The thematic modelling of subtext

Authors: Hargood, C., Millard, D.E. and Weal, M.J.

Journal: Multimedia Tools and Applications

Volume: 77

Issue: 21

Pages: 28281-28308

eISSN: 1573-7721

ISSN: 1380-7501

DOI: 10.1007/s11042-018-5972-y

Abstract:

Narratives form a key component of multimedia knowledge representation on the Web. However, many existing multimedia narrative systems either ignore the narrative qualities of any media, or focus on the literal depicted content ignoring any subtext. Ignoring narrative subtext can lead to erroneous search results, or automatically remixed content that lacks cohesion. We suggest that subtext can be computationally modeled in terms of Tomashevsky’s hierarchy of themes and motifs. These elements can then be used in a semiotic term expansion algorithm, incorporating knowledge of subtext into search and subsequent narrative generation. We present two experimental applications of this technique. In the first, we use our thematic model in the automatic construction of photo montages from Flickr, comparing it to more traditional term expansion based on co-occurrence, and showing that this improves the perceived relevance of images within the montage. In the second, we use the thematic model in order to automatically identify Flickr images to illustrate short stories, where it dampened the perception of unwanted themes (an effect we describe as reducing thematic noise). Our work is among the first in this space, and shows that thematic subtext can be tackled computationally.

http://eprints.bournemouth.ac.uk/30549/

Source: Scopus

The thematic modelling of subtext

Authors: Hargood, C., Millard, D.E. and Weal, M.J.

Journal: MULTIMEDIA TOOLS AND APPLICATIONS

Volume: 77

Issue: 21

Pages: 28281-28308

eISSN: 1573-7721

ISSN: 1380-7501

DOI: 10.1007/s11042-018-5972-y

http://eprints.bournemouth.ac.uk/30549/

Source: Web of Science (Lite)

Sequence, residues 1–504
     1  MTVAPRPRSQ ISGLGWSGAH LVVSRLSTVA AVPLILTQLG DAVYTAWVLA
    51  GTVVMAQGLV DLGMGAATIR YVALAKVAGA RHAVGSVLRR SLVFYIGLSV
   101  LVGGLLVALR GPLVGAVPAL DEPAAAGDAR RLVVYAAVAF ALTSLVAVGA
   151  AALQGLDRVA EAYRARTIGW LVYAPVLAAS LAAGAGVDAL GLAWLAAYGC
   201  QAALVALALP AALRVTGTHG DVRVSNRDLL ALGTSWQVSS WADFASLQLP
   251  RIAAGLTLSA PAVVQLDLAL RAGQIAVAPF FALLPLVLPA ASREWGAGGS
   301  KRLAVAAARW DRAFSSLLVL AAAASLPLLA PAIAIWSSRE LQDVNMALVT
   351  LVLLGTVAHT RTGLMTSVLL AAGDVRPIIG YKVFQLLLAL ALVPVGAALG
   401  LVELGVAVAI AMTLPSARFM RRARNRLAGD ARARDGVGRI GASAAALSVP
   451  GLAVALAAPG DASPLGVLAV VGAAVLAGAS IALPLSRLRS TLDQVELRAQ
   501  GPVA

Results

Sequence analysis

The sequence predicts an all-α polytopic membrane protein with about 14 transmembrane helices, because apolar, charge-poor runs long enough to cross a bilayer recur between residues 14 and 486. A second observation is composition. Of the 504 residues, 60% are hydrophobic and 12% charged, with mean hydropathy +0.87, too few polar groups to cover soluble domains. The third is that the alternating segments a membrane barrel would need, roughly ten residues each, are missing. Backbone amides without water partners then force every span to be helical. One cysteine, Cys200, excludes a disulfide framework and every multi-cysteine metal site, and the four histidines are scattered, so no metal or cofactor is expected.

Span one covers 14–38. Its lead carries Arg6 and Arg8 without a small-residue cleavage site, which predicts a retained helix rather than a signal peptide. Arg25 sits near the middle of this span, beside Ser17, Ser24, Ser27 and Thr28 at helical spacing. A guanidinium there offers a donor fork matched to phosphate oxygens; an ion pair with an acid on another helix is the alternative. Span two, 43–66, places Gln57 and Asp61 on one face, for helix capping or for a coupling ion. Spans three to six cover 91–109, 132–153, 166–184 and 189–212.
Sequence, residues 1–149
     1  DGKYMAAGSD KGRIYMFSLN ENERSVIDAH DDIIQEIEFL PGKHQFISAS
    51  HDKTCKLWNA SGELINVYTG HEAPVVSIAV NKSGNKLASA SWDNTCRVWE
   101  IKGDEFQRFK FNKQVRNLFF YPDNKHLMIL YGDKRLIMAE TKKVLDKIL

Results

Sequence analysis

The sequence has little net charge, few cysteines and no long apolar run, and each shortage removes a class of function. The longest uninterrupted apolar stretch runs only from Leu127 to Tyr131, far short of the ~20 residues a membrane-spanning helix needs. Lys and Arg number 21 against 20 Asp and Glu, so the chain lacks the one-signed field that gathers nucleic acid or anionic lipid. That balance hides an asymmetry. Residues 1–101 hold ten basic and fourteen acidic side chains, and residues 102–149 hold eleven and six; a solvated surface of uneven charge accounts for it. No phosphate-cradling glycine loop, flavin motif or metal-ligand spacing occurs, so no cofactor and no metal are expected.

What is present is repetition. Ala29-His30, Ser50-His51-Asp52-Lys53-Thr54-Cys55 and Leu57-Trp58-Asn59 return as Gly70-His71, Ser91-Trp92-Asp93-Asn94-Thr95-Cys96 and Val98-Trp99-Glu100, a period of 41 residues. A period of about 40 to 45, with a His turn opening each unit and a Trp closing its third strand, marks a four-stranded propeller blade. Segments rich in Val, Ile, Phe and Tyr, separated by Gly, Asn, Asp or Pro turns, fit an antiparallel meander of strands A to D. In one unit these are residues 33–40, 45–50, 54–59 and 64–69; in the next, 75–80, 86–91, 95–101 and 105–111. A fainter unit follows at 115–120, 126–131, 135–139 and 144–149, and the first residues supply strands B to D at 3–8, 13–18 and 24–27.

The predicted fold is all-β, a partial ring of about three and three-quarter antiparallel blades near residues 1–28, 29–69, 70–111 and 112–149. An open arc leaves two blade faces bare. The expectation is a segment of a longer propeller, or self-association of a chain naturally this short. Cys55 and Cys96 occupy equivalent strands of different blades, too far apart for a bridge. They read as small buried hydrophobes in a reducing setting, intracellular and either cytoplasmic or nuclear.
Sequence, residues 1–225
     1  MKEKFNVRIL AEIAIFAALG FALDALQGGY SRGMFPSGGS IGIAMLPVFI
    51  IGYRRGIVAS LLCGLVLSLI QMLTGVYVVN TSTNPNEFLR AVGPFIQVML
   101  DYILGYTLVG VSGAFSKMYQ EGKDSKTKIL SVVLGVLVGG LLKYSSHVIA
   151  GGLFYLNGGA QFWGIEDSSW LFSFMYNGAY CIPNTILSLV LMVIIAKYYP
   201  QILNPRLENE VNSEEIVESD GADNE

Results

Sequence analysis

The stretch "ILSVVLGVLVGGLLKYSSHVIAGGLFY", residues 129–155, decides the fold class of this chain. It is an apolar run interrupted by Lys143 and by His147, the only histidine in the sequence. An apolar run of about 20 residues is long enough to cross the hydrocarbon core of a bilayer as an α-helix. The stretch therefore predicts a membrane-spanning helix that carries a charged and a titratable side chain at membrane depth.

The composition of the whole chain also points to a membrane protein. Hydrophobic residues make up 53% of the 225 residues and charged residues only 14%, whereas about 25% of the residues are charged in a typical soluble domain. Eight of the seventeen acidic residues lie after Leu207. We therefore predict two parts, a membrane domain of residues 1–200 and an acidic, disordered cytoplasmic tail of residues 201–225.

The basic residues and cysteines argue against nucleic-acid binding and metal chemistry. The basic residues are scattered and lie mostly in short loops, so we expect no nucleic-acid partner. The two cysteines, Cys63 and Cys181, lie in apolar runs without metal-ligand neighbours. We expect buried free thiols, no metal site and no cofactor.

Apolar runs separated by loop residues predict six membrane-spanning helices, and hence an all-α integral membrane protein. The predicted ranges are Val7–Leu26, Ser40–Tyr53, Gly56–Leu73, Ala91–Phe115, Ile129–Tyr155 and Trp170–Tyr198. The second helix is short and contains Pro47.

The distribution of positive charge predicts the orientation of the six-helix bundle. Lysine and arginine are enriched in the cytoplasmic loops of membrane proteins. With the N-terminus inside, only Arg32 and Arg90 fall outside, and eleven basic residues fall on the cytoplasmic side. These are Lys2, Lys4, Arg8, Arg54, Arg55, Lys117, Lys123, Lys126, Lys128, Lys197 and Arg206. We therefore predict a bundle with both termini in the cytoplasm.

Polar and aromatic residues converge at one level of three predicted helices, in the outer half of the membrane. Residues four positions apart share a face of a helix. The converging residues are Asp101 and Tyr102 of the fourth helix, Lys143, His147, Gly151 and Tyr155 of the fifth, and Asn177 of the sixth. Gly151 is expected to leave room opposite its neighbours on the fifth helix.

The Thematic Modelling of Subtext

Authors: Hargood, C., Millard, D.E. and Weal, M.J.

Journal: Multimedia Tools and Applications

Publisher: Springer Verlag

ISSN: 0942-4962

DOI: 10.1007/s11042-018-5972-y

Abstract:

Narratives form a key component of multimedia knowledge representation on the Web. However, many existing multimedia narrative systems either ignore the narrative qualities of any media, or focus on the literal depicted content ignoring any subtext. Ignoring narrative subtext can lead to erroneous search results, or automatically remixed content that lacks cohesion. We suggest that subtext can be computationally modeled in terms of Tomashevsky's hierarchy of themes and motifs. These elements can then be used in a semiotic term expansion algorithm, incorporating knowledge of subtext into search and subsequent narrative generation. We present two experimental applications of this technique.

In the first, we use our thematic model in the automatic construction of photo montages from Flickr, comparing it to more traditional term expansion based on co-occurrence, and showing that this improves the perceived relevance of images within the montage. In the second, we use the thematic model in order to automatically identify Flickr images to illustrate short stories, where it dampened the perception of unwanted themes (an effect we describe as reducing thematic noise).

Our work is among the fi rst in this space, and shows that thematic subtext can be tackled computationally.

http://eprints.bournemouth.ac.uk/30549/

Source: Manual

The Thematic Modelling of Subtext

Authors: Hargood, C., Millard, D.E. and Weal, M.J.

Journal: Multimedia Tools and Applications

Volume: 77

Issue: 21

Pages: 28281-28308

ISSN: 0942-4962

Abstract:

Narratives form a key component of multimedia knowledge representation on the Web. However, many existing multimedia narrative systems either ignore the narrative qualities of any media, or focus on the literal depicted content ignoring any subtext. Ignoring narrative subtext can lead to erroneous search results, or automatically remixed content that lacks cohesion. We suggest that subtext can be computationally modeled in terms of Tomashevsky's hierarchy of themes and motifs. These elements can then be used in a semiotic term expansion algorithm, incorporating knowledge of subtext into search and subsequent narrative generation. We present two experimental applications of this technique. In the first, we use our thematic model in the automatic construction of photo montages from Flickr, comparing it to more traditional term expansion based on co-occurrence, and showing that this improves the perceived relevance of images within the montage. In the second, we use the thematic model in order to automatically identify Flickr images to illustrate short stories, where it dampened the perception of unwanted themes (an effect we describe as reducing thematic noise). Our work is among the fi rst in this space, and shows that thematic subtext can be tackled computationally.

http://eprints.bournemouth.ac.uk/30549/

Source: BURO EPrints